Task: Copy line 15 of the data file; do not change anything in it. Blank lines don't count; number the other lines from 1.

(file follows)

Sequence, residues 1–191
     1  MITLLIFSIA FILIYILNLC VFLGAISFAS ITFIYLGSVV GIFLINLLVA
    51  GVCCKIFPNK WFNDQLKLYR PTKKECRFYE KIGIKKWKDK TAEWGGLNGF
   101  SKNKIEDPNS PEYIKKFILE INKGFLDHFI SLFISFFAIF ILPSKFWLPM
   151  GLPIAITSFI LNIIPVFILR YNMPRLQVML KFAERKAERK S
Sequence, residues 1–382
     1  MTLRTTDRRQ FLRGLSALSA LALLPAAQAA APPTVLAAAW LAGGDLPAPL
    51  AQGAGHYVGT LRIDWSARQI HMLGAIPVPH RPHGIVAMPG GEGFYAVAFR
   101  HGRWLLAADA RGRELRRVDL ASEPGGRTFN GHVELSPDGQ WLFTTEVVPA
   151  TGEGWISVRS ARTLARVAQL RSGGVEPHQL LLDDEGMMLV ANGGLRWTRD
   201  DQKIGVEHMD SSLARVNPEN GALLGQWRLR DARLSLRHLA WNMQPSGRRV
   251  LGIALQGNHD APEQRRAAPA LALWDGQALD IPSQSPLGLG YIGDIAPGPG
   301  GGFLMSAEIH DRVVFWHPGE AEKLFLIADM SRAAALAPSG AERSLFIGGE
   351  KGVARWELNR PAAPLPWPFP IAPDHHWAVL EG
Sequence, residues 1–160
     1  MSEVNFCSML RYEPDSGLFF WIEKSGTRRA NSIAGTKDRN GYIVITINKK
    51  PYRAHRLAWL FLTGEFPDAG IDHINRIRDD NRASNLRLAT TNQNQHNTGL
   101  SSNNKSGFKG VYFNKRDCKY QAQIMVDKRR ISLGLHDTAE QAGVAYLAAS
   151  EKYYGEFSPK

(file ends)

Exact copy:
Sequence, residues 1–160